Posted by

Russell Hobby, General Secretary of NAHT

14 Oct 2015

Our aim to get a healthcare professional into every primary school to talk about careers

Careers advice should begin early. I don't mean that we should be asking seven year olds whether they want to become accountants or digital marketing advisers. I do mean that decisions made throughout school years affect our future. It is too late even when options are being selected to correct neglect at previous phases. It does good to give young people some idea of the link between what they learn in school and what they might do later in life. To see how subjects like maths and English might be relevant to a whole range of occupations. To understand what work is about and what skills and attributes are most prized. 

This knowledge should not be the exclusive preserve of the well connected. 

And please note that this is not a plea to make school subjects 'relevant' to life. It is almost the other way round: helping people to see how life is relevant to school. 

For all the talk about new skills and jobs that don't yet exist, I don't see literacy going out of fashion any time soon. I don't see maths turning into an arcane hobby. I don't see employers disdaining diligence. The stuff people do every day in school does matter. Too often we only realise that looking backwards.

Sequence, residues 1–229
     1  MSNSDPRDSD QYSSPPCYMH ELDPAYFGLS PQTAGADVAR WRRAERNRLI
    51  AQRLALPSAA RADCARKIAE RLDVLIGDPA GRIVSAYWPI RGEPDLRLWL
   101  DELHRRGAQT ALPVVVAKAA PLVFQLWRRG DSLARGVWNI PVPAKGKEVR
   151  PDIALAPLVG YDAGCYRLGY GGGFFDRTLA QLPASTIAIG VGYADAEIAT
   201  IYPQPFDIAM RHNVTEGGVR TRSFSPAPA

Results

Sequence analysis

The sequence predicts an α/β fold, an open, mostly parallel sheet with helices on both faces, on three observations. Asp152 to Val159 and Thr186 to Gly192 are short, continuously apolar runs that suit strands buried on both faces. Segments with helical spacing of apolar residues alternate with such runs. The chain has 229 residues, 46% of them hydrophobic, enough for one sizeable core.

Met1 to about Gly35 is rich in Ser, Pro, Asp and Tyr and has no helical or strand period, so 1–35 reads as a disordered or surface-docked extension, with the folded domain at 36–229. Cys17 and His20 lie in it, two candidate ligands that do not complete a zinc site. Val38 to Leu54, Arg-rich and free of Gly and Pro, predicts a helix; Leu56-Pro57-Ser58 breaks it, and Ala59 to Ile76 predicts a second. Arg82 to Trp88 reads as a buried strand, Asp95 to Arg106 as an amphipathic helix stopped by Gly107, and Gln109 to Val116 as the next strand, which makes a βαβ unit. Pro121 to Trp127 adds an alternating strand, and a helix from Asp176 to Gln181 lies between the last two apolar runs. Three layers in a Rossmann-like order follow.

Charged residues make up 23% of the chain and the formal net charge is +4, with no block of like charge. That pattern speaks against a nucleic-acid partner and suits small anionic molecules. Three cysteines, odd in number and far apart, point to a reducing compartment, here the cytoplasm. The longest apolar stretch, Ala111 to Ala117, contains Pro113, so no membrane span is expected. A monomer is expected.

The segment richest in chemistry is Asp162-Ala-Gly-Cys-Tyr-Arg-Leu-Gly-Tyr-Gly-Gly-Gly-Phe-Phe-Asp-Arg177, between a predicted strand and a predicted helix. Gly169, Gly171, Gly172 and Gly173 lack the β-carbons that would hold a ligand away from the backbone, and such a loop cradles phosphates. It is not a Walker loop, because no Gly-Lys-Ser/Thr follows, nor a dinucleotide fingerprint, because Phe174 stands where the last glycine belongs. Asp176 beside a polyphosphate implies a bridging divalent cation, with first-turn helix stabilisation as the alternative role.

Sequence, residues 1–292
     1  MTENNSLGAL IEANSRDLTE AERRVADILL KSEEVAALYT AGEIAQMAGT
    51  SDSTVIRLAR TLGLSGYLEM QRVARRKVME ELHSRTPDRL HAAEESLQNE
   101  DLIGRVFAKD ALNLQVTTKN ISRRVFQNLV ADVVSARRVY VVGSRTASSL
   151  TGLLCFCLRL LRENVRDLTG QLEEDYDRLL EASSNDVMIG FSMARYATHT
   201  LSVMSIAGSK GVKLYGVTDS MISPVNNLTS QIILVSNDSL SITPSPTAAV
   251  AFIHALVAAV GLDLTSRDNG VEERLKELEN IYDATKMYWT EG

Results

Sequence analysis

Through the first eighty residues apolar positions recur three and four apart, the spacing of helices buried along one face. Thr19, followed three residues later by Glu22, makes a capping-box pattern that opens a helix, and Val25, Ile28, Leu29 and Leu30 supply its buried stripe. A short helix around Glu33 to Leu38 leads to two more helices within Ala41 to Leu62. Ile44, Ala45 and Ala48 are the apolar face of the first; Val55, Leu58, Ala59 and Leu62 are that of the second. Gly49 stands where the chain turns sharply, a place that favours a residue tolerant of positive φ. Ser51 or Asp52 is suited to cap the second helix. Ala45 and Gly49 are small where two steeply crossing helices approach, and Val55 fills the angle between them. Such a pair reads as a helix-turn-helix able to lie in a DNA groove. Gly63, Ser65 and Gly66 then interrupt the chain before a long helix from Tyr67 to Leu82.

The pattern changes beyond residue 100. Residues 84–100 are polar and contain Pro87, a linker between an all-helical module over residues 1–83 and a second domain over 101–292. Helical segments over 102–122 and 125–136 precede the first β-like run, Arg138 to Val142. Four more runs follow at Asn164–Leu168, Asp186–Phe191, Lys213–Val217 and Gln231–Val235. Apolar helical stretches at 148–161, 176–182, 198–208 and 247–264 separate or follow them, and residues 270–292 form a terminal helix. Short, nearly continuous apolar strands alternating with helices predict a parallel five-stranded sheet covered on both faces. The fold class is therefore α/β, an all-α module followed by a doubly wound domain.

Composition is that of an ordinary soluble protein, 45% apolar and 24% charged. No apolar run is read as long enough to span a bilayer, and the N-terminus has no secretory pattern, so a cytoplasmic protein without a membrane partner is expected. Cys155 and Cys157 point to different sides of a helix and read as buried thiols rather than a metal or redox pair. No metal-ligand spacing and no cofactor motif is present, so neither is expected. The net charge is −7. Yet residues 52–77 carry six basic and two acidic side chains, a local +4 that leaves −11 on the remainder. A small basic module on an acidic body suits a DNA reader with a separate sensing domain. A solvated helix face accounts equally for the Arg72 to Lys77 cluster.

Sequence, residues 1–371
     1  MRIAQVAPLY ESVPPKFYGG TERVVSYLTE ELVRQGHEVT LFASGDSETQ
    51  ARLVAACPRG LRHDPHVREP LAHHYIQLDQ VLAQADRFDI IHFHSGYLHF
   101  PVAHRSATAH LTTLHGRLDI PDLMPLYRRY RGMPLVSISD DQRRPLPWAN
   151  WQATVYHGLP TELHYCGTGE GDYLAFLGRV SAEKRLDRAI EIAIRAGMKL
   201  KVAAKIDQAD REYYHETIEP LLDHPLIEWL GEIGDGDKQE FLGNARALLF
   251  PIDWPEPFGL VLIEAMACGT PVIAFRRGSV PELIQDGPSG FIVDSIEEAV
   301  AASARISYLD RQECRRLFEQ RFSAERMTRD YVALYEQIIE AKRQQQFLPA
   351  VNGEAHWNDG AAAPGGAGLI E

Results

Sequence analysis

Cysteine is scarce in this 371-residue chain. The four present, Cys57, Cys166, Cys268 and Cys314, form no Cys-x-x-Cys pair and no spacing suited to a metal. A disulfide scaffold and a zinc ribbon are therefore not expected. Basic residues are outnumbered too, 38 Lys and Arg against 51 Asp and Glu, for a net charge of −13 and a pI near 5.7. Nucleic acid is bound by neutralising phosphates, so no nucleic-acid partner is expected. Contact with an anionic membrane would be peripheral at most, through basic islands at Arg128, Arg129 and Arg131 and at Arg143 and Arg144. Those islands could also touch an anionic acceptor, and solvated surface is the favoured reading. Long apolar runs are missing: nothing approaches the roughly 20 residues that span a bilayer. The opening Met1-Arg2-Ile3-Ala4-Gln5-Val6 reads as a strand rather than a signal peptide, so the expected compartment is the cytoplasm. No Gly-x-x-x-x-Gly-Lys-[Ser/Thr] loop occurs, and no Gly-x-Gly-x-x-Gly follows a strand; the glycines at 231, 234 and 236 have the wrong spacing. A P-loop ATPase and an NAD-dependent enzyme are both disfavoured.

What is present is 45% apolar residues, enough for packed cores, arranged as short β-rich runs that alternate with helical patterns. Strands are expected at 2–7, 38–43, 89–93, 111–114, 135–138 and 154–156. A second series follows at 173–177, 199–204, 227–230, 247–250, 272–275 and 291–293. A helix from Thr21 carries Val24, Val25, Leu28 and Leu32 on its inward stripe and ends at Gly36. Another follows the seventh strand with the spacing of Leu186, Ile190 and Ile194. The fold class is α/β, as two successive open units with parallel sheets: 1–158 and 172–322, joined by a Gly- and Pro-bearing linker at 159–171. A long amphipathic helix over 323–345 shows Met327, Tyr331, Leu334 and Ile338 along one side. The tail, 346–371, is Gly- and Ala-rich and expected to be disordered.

This week the British Chambers of Commerce produced a survey of 3,500 business bosses and education leaders which found that 82 per cent of people in business and 73 per cent of respondents from schools, colleges and universities believe secondary schools should offer work experience for pupils aged under 16.

In 2012 the last government removed the duty to provide work related learning for under 16s in England, despite disagreement from 90% of the respondents in the government consultation

In fact, NAHT would like to see advice go even further and start earlier, giving primary age children an insight into different careers. This is why we helped set up Primary Futures; a scheme which gets people from different careers into schools to talk about what they do. October is ‘Who’s in Health?’ Month, which we hope will inspire a new generation of children to aspire to a career in medicine.

We've been working with the Medical Schools Council, NHS employers, HEE, the CMOs in the four nations, the Chairs of the General Medical Council and of various medical Royal Colleges, all medical schools, and many hospital trusts and heath organisations. The aim is to get a healthcare professional into every primary school in the country to talk about careers in the fifth largest profession in the world. 

If you haven’t already, I urge you to sign up to Primary Futures. It is another good example of the profession taking ownership of standards and taking responsibility for itself.  

All views expressed in guest blogs are that of the authors, and not of the British Chambers of Commerce.